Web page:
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Aussie scientists' discovery could stop neuroblastoma

Australian scientists' cancer discovery
Photo: Australian scientists' cancer discovery
University of NSW researchers have found a drug effective in treating neuroblastoma, an aggressive form of childhood cancer.

Australian scientists have identified a molecular mechanism that contributes to development of neuroblastoma, a form of childhood cancer triggered by embryonic nerve cells.

The Children's Cancer Institute research team led by Michelle Haber and Glenn Marshall at the University of NSW also found the experimental drug CBLO137 may stop the development of the tumour.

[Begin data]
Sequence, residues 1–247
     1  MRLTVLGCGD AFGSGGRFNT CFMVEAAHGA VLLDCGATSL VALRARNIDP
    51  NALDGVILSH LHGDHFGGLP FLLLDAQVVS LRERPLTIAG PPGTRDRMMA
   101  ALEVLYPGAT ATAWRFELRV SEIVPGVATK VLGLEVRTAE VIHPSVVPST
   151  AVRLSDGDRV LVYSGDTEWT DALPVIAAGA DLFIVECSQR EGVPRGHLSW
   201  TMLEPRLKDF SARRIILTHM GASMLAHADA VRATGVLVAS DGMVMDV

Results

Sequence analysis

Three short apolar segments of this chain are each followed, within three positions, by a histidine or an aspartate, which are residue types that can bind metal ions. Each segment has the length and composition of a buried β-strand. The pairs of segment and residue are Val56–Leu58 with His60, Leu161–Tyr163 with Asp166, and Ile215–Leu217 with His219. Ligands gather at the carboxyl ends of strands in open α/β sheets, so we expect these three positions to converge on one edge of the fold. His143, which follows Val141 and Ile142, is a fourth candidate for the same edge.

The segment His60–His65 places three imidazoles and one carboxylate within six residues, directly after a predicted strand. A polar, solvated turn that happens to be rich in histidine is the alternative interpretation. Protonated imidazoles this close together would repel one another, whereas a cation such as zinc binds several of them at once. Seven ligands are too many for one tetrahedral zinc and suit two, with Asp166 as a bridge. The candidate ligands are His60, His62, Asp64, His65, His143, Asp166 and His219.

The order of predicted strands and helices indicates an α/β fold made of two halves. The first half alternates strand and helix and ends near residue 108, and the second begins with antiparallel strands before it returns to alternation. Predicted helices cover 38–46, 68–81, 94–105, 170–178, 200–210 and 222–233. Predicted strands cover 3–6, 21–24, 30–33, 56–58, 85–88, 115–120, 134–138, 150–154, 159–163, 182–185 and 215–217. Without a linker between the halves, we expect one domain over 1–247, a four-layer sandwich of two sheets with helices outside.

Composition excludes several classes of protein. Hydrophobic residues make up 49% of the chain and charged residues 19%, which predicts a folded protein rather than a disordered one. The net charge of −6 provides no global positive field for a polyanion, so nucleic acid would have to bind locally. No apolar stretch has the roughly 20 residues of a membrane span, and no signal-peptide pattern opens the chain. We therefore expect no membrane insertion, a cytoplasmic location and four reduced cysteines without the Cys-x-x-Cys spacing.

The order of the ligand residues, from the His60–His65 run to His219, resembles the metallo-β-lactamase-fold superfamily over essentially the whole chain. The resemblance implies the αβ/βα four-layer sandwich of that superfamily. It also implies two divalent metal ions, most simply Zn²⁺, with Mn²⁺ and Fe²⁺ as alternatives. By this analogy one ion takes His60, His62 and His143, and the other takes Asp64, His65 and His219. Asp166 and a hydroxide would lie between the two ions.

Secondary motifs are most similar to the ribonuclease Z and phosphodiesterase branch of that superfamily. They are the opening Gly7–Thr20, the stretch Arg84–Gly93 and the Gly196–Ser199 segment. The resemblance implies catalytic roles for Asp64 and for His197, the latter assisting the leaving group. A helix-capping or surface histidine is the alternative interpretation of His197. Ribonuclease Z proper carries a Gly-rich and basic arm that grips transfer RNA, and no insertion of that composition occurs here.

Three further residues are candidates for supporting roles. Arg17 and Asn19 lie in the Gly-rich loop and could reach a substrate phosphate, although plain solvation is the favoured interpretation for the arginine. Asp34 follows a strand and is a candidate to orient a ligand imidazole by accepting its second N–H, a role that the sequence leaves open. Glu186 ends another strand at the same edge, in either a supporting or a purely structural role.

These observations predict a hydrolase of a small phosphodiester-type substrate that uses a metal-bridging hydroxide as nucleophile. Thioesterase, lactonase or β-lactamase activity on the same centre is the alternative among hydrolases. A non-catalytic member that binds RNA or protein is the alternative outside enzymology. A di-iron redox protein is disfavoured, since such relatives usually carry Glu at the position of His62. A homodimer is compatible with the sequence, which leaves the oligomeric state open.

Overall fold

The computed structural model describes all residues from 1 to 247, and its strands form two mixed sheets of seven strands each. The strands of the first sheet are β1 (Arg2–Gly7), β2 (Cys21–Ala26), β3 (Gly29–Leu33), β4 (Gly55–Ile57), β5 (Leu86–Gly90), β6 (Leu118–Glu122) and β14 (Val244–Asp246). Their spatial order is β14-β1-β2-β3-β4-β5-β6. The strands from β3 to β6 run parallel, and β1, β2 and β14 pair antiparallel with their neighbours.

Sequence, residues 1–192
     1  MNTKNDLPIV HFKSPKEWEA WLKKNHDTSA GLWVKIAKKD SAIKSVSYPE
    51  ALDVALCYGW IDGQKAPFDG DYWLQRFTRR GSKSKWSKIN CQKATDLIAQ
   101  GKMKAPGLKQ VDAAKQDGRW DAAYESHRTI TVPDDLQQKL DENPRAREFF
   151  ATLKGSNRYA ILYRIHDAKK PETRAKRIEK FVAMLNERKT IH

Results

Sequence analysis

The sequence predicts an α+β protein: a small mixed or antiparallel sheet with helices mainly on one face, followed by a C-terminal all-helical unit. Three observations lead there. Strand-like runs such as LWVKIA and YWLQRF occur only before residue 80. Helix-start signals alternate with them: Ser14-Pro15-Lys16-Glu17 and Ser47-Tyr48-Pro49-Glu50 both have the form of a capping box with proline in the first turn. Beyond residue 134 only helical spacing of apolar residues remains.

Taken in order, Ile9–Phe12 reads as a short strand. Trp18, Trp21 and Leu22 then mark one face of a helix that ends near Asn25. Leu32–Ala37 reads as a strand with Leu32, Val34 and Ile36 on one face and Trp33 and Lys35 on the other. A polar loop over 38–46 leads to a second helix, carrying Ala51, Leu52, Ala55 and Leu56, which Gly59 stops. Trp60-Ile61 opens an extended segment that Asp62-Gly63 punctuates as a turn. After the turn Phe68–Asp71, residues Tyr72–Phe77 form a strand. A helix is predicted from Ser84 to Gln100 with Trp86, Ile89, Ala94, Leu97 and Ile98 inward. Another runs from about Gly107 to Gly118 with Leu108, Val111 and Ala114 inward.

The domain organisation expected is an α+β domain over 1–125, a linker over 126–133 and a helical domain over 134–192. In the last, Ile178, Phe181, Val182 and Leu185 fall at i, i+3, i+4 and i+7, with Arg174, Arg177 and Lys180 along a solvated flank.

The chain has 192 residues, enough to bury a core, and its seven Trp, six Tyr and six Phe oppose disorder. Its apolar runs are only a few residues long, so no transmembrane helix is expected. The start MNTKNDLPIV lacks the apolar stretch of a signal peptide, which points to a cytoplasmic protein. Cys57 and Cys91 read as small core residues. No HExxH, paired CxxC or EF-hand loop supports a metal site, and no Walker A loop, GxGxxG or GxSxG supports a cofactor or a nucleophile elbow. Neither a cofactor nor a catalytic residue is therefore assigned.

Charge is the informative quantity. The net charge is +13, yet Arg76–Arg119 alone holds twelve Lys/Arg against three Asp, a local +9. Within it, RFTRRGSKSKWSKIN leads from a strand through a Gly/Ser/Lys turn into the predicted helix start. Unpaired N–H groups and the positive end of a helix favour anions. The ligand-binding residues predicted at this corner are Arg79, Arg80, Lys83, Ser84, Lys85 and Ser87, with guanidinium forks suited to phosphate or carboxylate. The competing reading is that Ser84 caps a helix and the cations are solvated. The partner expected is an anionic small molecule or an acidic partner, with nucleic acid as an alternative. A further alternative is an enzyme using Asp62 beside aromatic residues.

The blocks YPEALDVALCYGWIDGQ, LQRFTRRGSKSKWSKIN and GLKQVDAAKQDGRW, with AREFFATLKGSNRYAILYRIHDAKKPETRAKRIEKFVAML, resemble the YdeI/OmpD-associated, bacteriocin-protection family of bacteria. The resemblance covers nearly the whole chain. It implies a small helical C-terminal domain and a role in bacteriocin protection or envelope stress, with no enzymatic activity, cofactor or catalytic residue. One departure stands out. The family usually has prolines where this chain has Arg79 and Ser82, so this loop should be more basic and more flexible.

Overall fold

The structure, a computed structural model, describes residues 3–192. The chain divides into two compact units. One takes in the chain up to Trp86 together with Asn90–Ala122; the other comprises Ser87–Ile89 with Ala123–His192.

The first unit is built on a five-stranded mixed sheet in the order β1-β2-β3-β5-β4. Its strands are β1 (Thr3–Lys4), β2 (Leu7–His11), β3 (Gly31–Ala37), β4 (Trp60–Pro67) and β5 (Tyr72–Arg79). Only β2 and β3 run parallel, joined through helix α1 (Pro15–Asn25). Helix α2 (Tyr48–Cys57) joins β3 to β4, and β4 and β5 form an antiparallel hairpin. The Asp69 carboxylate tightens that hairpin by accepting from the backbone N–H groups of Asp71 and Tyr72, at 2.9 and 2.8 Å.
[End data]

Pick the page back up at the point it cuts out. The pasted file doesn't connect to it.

The drug is being studied in clinical trials for cancer treatments in adults.

The research, published in the scientific journal Science Translational Medicine, found the use of CBLO137 in combination with traditional chemotherapy treatments is more effective in ensuring death of cancer cells.
"Our laboratory tests tell us that CBL0137 is likely to be very effective against the most aggressive neuroblastomas, and indeed the most aggressive forms of other childhood cancers," Haber said in a statement.

Neuroblastoma is the most common solid tumour found in children. Only a few manage to survive the intensive treatment.

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